‘The xenophobic rhetoric is shocking’: Your views on Sweden’s election

There's only two and a half weeks left before election day, and, judging by our readers' survey, foreigners in Sweden are disappointed, upset, and in some cases frightened by the anti-immigrant rhetoric.

'The xenophobic rhetoric is shocking': Your views on Sweden's election
A Sweden Democrat election cottage on the Sergels torg square, Stockholm. Photo: Fredrik Persson/TT

Of the 20 responses we have received so far, almost all expressed disquiet at the rhetoric on immigration and integration in the election, which they perceived as coming from both the ruling Social Democrats and from the four rightwing parties trying to unseat them.

“I’ve found the focus on foreigners very confronting. Foreigners seem to be presented as the source of all Sweden’s problems. I worry this is a message that will impact my children,” wrote Kaia, 42, an Australian living outside Stockholm. 

“The degree of xenophobic rhetoric by the major parties is shocking, and saddening,” agreed one US citizen, based outside Gothenburg. “I feel deeply unwelcome when I see that parties representing four-fifths of the electorate are proudly repeating anti-immigrant rhetoric, and then go on to hear the same from many Swedish colleagues.”

 Yénika Castillo Muñoz said he had found the discourse in the election “quite aggressive”. 

“From using fear to pointing directly at the migrant population as the causes of social issues – unemployment, insecurity, inequity – it’s almost like the parties are taking the opportunity to talk aggressive trash that looks like campaign promises but might not even be possible in practice,” she argued.

READ ALSO: How have you been finding Sweden’s election so far? 

A British resident based in Skåne had similar concerns.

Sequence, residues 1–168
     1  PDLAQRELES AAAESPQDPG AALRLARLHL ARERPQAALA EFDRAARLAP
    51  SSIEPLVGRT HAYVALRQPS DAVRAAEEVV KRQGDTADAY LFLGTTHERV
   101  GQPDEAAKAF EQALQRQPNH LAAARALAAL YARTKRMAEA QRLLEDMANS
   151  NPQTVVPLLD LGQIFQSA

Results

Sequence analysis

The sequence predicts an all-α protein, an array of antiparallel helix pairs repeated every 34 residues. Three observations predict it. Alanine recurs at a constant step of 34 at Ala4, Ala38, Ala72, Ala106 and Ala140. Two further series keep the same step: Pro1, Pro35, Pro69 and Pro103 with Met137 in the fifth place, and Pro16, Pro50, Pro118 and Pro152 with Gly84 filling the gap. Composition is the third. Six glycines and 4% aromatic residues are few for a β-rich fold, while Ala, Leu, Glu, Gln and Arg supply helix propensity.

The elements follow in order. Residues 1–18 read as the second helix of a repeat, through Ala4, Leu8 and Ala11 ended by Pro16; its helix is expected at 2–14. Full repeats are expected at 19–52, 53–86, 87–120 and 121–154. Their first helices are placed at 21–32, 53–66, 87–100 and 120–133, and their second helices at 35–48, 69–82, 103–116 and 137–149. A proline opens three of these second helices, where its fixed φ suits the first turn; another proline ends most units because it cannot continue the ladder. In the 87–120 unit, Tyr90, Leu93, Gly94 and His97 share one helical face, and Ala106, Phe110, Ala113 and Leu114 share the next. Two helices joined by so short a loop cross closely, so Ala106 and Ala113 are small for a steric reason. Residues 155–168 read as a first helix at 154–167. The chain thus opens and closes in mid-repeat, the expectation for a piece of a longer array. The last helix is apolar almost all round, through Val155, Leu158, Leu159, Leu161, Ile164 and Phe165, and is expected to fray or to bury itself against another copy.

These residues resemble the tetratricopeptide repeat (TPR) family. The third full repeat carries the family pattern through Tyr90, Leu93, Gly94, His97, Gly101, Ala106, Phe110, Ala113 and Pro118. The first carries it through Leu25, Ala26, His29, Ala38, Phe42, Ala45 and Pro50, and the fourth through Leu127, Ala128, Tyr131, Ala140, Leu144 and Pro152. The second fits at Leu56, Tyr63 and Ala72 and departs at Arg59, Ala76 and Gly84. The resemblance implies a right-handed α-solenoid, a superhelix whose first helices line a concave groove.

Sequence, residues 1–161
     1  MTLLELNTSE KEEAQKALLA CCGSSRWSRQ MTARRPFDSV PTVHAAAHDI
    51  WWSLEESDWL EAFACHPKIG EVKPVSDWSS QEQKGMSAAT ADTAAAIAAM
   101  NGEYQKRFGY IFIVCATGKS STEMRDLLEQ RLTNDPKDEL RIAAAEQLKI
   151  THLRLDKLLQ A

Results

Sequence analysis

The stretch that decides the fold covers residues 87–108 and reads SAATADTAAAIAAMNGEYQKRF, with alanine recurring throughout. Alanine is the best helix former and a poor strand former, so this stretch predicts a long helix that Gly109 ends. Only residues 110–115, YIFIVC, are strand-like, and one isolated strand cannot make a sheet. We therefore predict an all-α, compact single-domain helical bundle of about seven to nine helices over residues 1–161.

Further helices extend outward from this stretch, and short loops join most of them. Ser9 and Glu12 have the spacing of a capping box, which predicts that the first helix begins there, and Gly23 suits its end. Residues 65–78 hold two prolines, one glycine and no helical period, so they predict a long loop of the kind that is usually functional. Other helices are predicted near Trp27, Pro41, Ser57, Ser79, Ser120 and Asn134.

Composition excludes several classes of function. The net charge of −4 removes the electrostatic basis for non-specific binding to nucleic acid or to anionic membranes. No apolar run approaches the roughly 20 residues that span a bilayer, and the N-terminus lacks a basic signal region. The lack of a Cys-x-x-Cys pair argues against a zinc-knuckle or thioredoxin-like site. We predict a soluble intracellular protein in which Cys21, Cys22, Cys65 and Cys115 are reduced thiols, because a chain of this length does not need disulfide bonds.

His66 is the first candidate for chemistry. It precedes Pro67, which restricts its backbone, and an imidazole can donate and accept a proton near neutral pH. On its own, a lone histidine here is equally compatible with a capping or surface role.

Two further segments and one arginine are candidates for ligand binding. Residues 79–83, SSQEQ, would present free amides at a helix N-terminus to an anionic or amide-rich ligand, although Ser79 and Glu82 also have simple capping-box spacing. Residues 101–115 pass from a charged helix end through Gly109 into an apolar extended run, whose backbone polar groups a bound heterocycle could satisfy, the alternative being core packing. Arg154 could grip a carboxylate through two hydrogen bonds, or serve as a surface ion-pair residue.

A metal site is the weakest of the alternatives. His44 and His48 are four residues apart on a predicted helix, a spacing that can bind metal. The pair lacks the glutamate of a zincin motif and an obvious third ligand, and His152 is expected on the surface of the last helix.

“The rhetoric being espoused, that [suggests] the solution to integration starts and ends with the behaviour of immigrants is frankly outdated and shows a general lurch towards right wing politics,” she complained. “No one is suggesting that Swedes bear any responsibility towards integration. If they really cared about integration they would strengthen access to and quality of SFI, as well as promote for Swedish nationals to take the time and effort to become friends with their non Swedish neighbours.”

“Immigration discourse is being led by the far right which seems to blame immigration for all problems,” said another Australian, also based in Stockholm.”Alternativ för Sverige make me feel unwelcome and unwanted. The Sweden Democrats blame foreigners for healthcare queues. The number of people who support these viewpoints is troubling.” 

It wasn’t simply the strong negative rhetoric on immigration, integration and crime that concerned readers, but the way the issue was eclipsing other issues, such as improving the quality of healthcare and education in Sweden, and the climate crisis. 

“Real problems like inflation, rents, [and the] climate crisis, are not really being tackled by the major parties,” Muñoz said. “Many in my network are wondering who the hell are we going to vote for – even people that were quite sure in their votes [in the last] elections.” 

“Its disappointing and vague. I think the country needs to massively invest in primary healthcare or support a more functional private primary healthcare option,” said the second Australian. “No one seems to say anything other than vague platitudes like ‘shorten the queue’ or ‘regardless of wallet’, when what is needed is simply about three times the current number of staff. There has also been too much focus on crime, which is really a non-issue compared to health and education.” 

“After the record heatwaves, forest fires and droughts through Europe this summer, why is the focus on immigration and not the environment?” asked the Brit in Skåne. 

Some foreigners said they missed a sensible, technocratic alternative in the election. 

“It feels like the solutions are too extreme: either ban everything without a clear plan and risk destabilising the economy, or do nothing to speed up decreasing fossil fuel dependency,” said Ovidiu, from Romania. “Either give police too much power or none at all; Either stop funding school or do nothing to fix problems or the other way around, ‘throw money at the problem’. Since I arrived in Sweden I have been impressed about a lot of things and solutions this Scandinavian country has implemented throughout time, but now it feels like people are intentionally acting stupidly and disingenuously.”